The Office of Thrift Supervision wants to make it easier for credit unions to become federal mutual thrifts.

"Depository institutions should be free to operate under whatever charter they deem best suits their business needs," OTS Director Nicolas P. Retsinas said in a prepared statement released late Wednesday.

Credit unions, which are mutually owned, currently must file two applications with OTS before becoming a mutual federal thrift. First, they must apply to obtain a new federal mutual savings association charter. Then, they must file a separate application to merge the credit union into the new thrift. The proposal would eliminate this second step.

The OTS already permits commercial banks to convert directly to a federal stock thrift charter. Similarly, state-chartered mutual savings banks may convert to a federally chartered mutual thrift in one step.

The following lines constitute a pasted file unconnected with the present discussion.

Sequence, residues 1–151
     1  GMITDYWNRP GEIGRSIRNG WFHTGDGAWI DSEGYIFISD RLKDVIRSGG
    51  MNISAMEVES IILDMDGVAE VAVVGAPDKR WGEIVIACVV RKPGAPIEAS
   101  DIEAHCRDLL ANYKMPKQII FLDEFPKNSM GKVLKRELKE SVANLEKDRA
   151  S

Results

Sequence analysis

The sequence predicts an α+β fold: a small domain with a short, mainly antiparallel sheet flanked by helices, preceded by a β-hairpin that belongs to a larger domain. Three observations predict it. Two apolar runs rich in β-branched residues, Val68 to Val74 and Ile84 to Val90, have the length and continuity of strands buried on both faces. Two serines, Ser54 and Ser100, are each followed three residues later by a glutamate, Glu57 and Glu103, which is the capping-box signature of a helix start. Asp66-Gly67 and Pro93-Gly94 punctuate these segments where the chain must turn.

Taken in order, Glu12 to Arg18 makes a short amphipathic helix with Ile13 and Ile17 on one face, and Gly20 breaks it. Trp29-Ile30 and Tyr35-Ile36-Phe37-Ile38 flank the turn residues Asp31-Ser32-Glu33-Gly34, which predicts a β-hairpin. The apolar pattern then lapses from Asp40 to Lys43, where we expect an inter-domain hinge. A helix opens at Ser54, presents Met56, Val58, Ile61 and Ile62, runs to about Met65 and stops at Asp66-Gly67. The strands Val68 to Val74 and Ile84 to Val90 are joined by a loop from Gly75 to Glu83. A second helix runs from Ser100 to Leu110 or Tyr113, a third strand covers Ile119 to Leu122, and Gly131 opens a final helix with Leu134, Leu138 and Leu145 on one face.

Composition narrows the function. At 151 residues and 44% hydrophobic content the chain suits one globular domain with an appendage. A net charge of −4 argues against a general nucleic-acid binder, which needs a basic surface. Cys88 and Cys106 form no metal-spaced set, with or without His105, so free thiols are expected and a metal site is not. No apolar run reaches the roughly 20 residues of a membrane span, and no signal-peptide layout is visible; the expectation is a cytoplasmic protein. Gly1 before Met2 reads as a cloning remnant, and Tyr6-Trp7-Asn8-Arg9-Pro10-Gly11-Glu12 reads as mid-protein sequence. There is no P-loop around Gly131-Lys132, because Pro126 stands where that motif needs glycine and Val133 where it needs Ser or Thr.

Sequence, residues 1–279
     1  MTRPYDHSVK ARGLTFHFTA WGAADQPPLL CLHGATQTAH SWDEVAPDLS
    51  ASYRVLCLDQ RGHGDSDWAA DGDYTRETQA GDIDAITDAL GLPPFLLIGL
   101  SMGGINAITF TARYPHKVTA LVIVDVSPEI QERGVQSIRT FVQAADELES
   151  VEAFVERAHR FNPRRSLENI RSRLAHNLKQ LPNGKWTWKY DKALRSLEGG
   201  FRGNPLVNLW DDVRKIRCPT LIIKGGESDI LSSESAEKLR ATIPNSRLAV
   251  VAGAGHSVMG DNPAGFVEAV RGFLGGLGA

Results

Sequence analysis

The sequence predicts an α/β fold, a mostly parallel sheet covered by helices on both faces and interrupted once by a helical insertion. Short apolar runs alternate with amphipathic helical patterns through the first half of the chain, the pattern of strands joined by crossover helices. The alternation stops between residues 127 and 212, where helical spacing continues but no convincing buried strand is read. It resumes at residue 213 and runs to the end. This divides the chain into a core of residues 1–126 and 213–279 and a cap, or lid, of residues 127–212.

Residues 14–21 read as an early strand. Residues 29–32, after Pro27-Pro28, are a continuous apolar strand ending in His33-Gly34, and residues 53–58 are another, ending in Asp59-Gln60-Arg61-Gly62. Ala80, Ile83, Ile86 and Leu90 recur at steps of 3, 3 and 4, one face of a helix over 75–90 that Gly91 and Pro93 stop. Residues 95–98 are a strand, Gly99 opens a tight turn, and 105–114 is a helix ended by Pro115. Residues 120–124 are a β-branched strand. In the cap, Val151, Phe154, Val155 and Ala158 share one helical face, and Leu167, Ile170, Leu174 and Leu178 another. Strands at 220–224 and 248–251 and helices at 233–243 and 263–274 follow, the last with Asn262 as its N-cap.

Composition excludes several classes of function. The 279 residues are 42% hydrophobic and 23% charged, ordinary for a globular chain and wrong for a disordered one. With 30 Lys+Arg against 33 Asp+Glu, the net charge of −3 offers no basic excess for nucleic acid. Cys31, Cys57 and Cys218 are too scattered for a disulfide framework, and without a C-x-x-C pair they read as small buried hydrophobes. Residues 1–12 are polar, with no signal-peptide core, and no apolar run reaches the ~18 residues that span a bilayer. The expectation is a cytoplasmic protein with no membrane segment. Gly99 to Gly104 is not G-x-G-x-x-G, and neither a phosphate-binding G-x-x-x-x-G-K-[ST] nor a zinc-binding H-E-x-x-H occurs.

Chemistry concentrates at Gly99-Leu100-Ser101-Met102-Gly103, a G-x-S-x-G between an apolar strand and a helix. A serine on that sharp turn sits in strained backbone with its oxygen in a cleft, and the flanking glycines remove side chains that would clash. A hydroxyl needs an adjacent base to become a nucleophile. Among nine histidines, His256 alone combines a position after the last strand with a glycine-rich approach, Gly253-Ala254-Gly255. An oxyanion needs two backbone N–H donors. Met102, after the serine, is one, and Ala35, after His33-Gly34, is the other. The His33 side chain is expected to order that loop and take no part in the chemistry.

"The agency has historically wanted to streamline as much as possible the process for getting a thrift charter," said Dwight Smith, OTS deputy chief counsel. "This is just the last piece of that puzzle."

Credit unions that apply to become mutual thrifts would still be required to obtain permission from the National Credit Union Administration to abandon their charter, Mr. Smith said. They also would be required to file an application with the Federal Deposit Insurance Corp. for deposit insurance.

OTS will accept comments on the proposal until June 9.

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